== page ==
# 4.7: Entropy

- Page ID
- 4370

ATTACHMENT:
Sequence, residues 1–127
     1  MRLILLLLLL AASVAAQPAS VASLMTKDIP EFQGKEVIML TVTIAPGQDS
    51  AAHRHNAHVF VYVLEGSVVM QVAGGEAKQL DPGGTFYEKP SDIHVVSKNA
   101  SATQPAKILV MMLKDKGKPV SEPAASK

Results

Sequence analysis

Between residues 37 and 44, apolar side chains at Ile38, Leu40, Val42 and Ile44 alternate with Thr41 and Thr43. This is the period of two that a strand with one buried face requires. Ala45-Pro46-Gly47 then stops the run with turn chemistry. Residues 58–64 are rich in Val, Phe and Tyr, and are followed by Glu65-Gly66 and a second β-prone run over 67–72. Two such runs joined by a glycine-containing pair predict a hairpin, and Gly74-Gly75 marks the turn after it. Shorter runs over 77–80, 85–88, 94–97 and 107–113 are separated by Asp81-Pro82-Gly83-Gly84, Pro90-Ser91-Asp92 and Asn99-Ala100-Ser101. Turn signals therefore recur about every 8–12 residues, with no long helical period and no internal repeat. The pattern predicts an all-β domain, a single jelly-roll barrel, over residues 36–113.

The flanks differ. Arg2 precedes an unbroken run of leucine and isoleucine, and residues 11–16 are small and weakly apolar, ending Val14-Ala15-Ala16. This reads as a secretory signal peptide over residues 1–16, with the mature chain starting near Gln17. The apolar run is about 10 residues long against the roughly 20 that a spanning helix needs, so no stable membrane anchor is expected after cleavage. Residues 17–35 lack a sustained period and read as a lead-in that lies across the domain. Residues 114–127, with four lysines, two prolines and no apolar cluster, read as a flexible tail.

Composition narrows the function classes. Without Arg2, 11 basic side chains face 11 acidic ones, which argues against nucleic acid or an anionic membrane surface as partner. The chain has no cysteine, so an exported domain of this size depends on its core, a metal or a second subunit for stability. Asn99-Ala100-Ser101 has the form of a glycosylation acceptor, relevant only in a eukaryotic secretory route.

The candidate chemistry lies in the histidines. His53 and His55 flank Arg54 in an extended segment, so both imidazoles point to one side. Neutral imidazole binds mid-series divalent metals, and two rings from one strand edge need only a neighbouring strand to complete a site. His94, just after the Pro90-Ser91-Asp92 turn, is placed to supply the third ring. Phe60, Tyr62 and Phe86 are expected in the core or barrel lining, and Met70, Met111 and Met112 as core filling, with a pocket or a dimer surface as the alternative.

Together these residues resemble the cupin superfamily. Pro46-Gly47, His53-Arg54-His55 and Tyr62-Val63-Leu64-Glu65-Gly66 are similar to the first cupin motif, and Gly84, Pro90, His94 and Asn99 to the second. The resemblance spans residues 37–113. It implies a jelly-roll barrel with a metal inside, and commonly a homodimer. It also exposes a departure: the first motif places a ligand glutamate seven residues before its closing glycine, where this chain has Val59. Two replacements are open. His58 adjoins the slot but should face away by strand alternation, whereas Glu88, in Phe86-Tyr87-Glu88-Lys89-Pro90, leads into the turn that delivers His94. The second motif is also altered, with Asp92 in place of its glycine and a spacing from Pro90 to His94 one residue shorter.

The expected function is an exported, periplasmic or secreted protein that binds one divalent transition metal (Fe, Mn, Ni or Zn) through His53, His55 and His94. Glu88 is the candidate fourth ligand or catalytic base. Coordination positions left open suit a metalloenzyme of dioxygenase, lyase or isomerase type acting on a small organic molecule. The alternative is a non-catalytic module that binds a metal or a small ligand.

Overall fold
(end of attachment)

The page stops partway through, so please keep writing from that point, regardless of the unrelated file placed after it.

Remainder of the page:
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\(\newcommand{\avec}{\mathbf a}\) \(\newcommand{\bvec}{\mathbf b}\) \(\newcommand{\cvec}{\mathbf c}\) \(\newcommand{\dvec}{\mathbf d}\) \(\newcommand{\dtil}{\widetilde{\mathbf d}}\) \(\newcommand{\evec}{\mathbf e}\) \(\newcommand{\fvec}{\mathbf f}\) \(\newcommand{\nvec}{\mathbf n}\) \(\newcommand{\pvec}{\mathbf p}\) \(\newcommand{\qvec}{\mathbf q}\) \(\newcommand{\svec}{\mathbf s}\) \(\newcommand{\tvec}{\mathbf t}\) \(\newcommand{\uvec}{\mathbf u}\) \(\newcommand{\vvec}{\mathbf v}\) \(\newcommand{\wvec}{\mathbf w}\) \(\newcommand{\xvec}{\mathbf x}\) \(\newcommand{\yvec}{\mathbf y}\) \(\newcommand{\zvec}{\mathbf z}\) \(\newcommand{\rvec}{\mathbf r}\) \(\newcommand{\mvec}{\mathbf m}\) \(\newcommand{\zerovec}{\mathbf 0}\) \(\newcommand{\onevec}{\mathbf 1}\) \(\newcommand{\real}{\mathbb R}\) \(\newcommand{\twovec}[2]{\left[\begin{array}{r}#1 \\ #2 \end{array}\right]}\) \(\newcommand{\ctwovec}[2]{\left[\begin{array}{c}#1 \\ #2 \end{array}\right]}\) \(\newcommand{\threevec}[3]{\left[\begin{array}{r}#1 \\ #2 \\ #3 \end{array}\right]}\) \(\newcommand{\cthreevec}[3]{\left[\begin{array}{c}#1 \\ #2 \\ #3 \end{array}\right]}\) \(\newcommand{\fourvec}[4]{\left[\begin{array}{r}#1 \\ #2 \\ #3 \\ #4 \end{array}\right]}\) \(\newcommand{\cfourvec}[4]{\left[\begin{array}{c}#1 \\ #2 \\ #3 \\ #4 \end{array}\right]}\) \(\newcommand{\fivevec}[5]{\left[\begin{array}{r}#1 \\ #2 \\ #3 \\ #4 \\ #5 \\ \end{array}\right]}\) \(\newcommand{\cfivevec}[5]{\left[\begin{array}{c}#1 \\ #2 \\ #3 \\ #4 \\ #5 \\ \end{array}\right]}\) \(\newcommand{\mattwo}[4]{\left[\begin{array}{rr}#1 \amp #2 \\ #3 \amp #4 \\ \end{array}\right]}\) \(\newcommand{\laspan}[1]{\text{Span}\{#1\}}\) \(\newcommand{\bcal}{\cal B}\) \(\newcommand{\ccal}{\cal C}\) \(\newcommand{\scal}{\cal S}\) \(\newcommand{\wcal}{\cal W}\) \(\newcommand{\ecal}{\cal E}\) \(\newcommand{\coords}[2]{\left\{#1\right\}_{#2}}\) \(\newcommand{\gray}[1]{\color{gray}{#1}}\) \(\newcommand{\lgray}[1]{\color{lightgray}{#1}}\) \(\newcommand{\rank}{\operatorname{rank}}\) \(\newcommand{\row}{\text{Row}}\) \(\newcommand{\col}{\text{Col}}\) \(\renewcommand{\row}{\text{Row}}\) \(\newcommand{\nul}{\text{Nul}}\) \(\newcommand{\var}{\text{Var}}\) \(\newcommand{\corr}{\text{corr}}\) \(\newcommand{\len}[1]{\left|#1\right|}\) \(\newcommand{\bbar}{\overline{\bvec}}\) \(\newcommand{\bhat}{\widehat{\bvec}}\) \(\newcommand{\bperp}{\bvec^\perp}\) \(\newcommand{\xhat}{\widehat{\xvec}}\) \(\newcommand{\vhat}{\widehat{\vvec}}\) \(\newcommand{\uhat}{\widehat{\uvec}}\) \(\newcommand{\what}{\widehat{\wvec}}\) \(\newcommand{\Sighat}{\widehat{\Sigma}}\) \(\newcommand{\lt}{<}\) \(\newcommand{\gt}{>}\) \(\newcommand{\amp}{&}\) \(\definecolor{fillinmathshade}{gray}{0.9}\)By the end of this section you will be able to: